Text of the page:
A couple of weeks ago, our Lead Developer – Nickolas Casalinuovo – flew out to Boston to attend Harvard’s annual Blockchain Conference. Here, experts and professionals from every corner of the industry met to discuss emerging trends, show off their unique projects / solutions, and even hire engineers for upcoming projects. Some hot topics at the event were Layer 1 / Layer 2 blockchain implementations, zero-knowledge proofs, utility NFTs, and DAOs.
To kick the event off, John Wu, President of Ava Labs, gave a keynote in which he discussed his company and journey along with his prediction on where the space is heading in the next 5-10 years. Wu predicted that in the short future, we will see the hyper-tokenization of assets. (Identification cards, tickets, baseball cards, etc.) To those looking to enter web3 and the blockchain revolution, Wu gave one piece of advice: have a fundamental understanding of how blockchain can transform technology and society.
To truly understand how blockchain will affect our society, you have to understand how NFTs can fundamentally change consumerism. Let’s take a look through the lens of Rising Baseball Stars NFT. If asked about NFTs, people who have heard the term may reference the Bored Ape Yacht Club (BAYC), CryptoPunks, or some other profile picture (PFP) collection. However, the utility behind the token itself can extend far beyond just a picture on a screen. In the case of RBS, an NFT is a membership to an exclusive baseball club that gives opportunities to attend real-world events and professional baseball games. It’s also a coupon for future player card mints. It also holds utility through governance of the platform. Evidently, an NFT can be more than just a JPEG file.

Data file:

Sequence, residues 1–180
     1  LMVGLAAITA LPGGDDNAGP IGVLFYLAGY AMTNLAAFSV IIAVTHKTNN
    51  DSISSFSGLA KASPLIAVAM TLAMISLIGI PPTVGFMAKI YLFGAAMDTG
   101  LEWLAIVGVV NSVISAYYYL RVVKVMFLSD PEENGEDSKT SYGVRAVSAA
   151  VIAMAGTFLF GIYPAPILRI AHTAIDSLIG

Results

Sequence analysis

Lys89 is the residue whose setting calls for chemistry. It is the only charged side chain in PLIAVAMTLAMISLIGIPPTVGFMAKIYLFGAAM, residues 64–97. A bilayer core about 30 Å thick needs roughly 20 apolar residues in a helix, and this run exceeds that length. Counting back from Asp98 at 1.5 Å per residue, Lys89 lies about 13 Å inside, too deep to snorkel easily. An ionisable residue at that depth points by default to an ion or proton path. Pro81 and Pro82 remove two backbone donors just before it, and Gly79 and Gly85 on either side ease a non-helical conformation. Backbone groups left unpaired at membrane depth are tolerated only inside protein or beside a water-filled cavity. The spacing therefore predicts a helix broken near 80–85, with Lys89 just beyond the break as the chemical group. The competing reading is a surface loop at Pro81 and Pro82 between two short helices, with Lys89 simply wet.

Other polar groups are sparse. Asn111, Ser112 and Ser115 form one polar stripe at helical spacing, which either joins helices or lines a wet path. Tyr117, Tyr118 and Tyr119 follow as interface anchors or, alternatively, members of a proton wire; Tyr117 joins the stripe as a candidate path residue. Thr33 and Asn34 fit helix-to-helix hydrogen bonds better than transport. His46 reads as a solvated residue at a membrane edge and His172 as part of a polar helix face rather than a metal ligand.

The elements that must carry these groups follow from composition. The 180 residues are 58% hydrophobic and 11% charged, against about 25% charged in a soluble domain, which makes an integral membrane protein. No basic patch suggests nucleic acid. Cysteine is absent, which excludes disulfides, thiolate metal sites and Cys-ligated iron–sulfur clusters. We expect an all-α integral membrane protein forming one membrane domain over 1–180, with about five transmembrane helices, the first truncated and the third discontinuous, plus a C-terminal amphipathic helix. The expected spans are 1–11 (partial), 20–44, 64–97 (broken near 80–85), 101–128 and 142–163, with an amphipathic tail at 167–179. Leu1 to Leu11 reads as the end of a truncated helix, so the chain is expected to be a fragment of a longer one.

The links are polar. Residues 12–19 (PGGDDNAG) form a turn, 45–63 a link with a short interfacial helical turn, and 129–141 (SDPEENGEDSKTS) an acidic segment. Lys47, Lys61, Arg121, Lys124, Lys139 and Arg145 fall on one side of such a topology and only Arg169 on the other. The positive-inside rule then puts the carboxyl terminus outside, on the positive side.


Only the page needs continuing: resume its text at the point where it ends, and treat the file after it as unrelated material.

The actual technology behind NFTs are what make it so desirable. Although the detail may be too nuanced for this post, let’s just say the technology is more secure and reliable.
All in all, the event was brilliant. The general energy of the space is exhilarating, and it almost feels like we’re back at the beginning of the ‘.com’ era.